+1. I don’t think your option is either “get on board with babylife or get out,” I think you can offer what you’re able to offer with love and understanding if they’re not up for adult time (yet). Sometimes the friend with the baby can also be understanding and be flexible about the change in your friendship, and if you both have good intentions you can come back around.

    • Amy said:

      Yes! These are great ways to invite a friend to some adults-only time.

      But also be prepared for your friend to sometimes come back with “I’d love to try Interesting New Restaurant but can’t get a babysitter–do you mind if kiddo comes along?” or “I can’t make it to Band We Loved In High School but do you want to come over to watch Show We Used To Love?” And consider taking them up on these kid-friendly hangouts once in a while. Your friendship will last long-term best if you compromise with their new circumstances; invite them to do things that require them to suck it up and find childcare coverage, but also suck it up yourself sometimes and hang out with their little one(s) present.

      • If you can afford it, can you pay the babysitter fees? That would be a nice gesture that would make going out more affordable for the parents.

        • That might be a situation requiring a good bit of discussion, since finding a babysitter the parent(s) trust is pretty personal, but, assuming Non-Parent Friend has the means to do so, expressing a willingness to pay the sitter once the parent(s) find one they like can be a good starting point for a discussion of “Can we have some kid-free social time?”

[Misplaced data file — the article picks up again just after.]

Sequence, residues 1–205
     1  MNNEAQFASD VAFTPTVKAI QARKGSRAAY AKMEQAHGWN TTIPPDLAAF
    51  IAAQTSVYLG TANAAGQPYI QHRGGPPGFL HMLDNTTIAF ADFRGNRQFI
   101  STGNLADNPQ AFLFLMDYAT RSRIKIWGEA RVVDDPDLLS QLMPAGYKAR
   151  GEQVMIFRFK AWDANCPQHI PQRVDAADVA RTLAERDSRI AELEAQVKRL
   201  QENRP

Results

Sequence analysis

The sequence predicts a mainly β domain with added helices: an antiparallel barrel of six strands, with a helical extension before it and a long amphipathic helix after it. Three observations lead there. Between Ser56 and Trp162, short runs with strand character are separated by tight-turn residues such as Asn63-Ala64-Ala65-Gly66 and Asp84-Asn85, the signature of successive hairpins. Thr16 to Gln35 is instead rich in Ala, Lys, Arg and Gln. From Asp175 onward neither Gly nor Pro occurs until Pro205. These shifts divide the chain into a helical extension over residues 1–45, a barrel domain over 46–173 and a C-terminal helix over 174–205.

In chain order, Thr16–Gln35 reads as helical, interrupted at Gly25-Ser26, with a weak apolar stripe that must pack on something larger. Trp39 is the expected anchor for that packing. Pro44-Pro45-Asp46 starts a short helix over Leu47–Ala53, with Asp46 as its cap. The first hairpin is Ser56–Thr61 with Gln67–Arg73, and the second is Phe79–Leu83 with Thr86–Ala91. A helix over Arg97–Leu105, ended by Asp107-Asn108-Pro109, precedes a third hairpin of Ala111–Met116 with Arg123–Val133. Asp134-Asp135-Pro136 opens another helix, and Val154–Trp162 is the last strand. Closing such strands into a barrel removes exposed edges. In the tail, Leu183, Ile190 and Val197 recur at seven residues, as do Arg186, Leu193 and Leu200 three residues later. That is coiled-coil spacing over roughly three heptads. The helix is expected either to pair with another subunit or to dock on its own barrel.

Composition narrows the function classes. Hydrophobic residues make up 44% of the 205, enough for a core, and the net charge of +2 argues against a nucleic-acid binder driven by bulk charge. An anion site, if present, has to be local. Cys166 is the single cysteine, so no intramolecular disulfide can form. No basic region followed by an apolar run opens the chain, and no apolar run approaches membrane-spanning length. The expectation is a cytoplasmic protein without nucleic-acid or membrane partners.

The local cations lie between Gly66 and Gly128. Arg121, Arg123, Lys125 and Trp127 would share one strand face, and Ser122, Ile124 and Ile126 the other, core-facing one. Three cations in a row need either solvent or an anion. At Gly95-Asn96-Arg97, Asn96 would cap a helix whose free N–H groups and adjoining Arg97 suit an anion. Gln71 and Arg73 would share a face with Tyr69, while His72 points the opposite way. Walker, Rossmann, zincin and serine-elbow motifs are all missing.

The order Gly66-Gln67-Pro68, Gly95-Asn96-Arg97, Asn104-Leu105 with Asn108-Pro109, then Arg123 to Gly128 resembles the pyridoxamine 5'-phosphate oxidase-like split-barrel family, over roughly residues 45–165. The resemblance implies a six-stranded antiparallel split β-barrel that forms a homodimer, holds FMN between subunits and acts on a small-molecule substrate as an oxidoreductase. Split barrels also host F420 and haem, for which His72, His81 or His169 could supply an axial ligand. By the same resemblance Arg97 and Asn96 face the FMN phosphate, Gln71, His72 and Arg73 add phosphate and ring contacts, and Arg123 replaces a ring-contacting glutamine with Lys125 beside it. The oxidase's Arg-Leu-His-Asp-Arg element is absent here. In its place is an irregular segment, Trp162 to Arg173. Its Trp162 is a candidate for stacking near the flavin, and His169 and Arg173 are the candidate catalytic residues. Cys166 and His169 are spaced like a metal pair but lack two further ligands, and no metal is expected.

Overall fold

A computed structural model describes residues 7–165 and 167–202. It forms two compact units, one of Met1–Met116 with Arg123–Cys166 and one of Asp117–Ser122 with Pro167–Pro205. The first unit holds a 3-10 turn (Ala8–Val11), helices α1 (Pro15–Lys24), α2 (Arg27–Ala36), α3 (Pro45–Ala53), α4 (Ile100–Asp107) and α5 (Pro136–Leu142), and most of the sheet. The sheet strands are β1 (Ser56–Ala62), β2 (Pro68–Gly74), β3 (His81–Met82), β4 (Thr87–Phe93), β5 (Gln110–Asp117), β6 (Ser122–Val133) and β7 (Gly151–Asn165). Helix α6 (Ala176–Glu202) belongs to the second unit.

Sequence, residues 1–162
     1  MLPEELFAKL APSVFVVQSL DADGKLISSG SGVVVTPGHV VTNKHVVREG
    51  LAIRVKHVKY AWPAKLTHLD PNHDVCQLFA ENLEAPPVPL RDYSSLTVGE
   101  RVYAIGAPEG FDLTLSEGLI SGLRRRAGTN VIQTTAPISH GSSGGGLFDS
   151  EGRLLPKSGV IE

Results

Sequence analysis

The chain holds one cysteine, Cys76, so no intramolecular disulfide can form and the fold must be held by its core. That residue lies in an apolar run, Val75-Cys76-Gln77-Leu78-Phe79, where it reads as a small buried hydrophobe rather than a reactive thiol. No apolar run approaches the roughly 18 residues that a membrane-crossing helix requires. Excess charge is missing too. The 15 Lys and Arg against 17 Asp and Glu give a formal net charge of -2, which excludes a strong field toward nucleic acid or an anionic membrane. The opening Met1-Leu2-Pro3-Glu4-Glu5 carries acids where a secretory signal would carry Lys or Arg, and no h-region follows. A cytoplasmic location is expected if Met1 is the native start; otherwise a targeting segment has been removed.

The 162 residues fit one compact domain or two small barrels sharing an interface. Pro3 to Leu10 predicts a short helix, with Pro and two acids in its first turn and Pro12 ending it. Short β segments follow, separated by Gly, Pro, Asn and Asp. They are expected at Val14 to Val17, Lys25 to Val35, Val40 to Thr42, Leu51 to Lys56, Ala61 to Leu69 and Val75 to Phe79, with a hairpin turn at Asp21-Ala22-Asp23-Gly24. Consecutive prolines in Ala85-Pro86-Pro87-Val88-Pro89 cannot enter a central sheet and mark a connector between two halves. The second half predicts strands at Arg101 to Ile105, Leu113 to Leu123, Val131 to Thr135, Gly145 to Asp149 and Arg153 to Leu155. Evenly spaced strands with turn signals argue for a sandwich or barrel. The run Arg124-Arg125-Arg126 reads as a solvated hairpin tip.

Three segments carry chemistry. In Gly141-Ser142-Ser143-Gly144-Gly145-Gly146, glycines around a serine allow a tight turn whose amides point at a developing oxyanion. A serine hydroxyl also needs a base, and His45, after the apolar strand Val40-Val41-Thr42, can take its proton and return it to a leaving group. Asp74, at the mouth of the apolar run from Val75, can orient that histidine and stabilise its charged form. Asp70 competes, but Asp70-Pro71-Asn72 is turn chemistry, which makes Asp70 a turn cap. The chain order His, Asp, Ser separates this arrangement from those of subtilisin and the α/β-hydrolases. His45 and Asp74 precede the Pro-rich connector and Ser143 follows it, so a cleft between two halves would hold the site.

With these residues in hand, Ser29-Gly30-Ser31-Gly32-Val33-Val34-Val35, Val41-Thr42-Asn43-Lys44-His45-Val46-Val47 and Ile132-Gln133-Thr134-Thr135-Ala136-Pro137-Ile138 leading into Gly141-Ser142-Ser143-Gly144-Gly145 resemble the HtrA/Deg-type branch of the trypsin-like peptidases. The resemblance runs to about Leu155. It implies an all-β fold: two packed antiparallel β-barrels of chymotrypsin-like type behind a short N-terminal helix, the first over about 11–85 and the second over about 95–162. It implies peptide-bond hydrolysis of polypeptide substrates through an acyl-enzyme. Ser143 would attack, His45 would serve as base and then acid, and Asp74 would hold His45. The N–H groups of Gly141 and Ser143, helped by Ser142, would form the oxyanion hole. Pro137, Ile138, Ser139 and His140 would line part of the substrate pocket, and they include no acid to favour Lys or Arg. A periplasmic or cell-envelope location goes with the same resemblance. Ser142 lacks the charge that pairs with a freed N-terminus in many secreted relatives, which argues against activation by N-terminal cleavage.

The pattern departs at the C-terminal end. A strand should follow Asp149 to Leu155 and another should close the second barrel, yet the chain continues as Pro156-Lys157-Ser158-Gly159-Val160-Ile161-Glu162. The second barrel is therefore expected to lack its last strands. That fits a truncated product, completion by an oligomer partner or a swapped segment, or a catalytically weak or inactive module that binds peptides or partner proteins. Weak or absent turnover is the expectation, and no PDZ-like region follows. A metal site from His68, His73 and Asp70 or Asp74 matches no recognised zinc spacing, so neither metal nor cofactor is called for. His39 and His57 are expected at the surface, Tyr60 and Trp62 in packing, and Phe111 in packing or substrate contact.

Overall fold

• Amy said:

          Sure, that’s an option if your relationship is such that offering money is a) possible for you, and b) not something that will make them hugely uncomfortable!

          But my point is actually not about the specifics of why the kid(s) might be around sometime, or how to get around those specifics. My point is that if you 100% refuse to ever spend time with your friend when their kid is around, that’s eventually going to become obvious, and it probably won’t feel great to your friend. You can probably get away with planning adults-only activities 90% of the time, if you’re willing to put the work into planning and making sure they have childcare and all that, but it’s probably better for your friendship long-term to be at least a little bit flexible on being around their kids once in a blue moon.

          • aebhel said:

            Agreed. I have two small children. Most of my friends at this point are childfree, and run the gamut of perspectives from ‘GIVE ME ALL THE BABY CUDDLES’ to ‘oh god small children are sticky and irrational, i don’t understand why you would do this to yourself’, and we still manage to be friends. The people I am not friends with anymore are the ones who insisted on pretending that my kids didn’t exist or weren’t real people.

    • Kacienna said:

      Another thing that worked well for me when my friend had a baby, and may work for you if you cook: “Hey, I’d love to see you and I know it’s hard to get out. Would you like me to come over with a pot of [tasty, nutritious food] so we can chat over [meal]?” This might also work for toddlers and maybe grade school kids, especially if the kids are in a picky stage and the parent(s) aren’t up for making both interesting adult meals and simple kids’ meals. The rules of inviting yourself to someone else’s house can be loosened when one party has circumstances that make it hard for them to get out; I think the trick is that you’re not asking them to host you, you’re almost being the host but at their home.

    • Anon said:

      Love this comment! I’m recovering from a phobia of kids and was very worried about losing one of my friendships when she had a baby, since my ability to engage with the subject is fraught/limited.

      I was honest with her, she was understanding. I have a limit on the type/duration of kid talk I can handle, but I do try to actively listen during that time and find aspects of it I can respond to. I can’t do babysit/kid present hangouts since her child is still quite young. Obviously a phobia and general dislike are different, but I’m trying to say it’s not necessarily a death knell as long as you are not rude and still show an interest in your friend in the ways this comment mentions.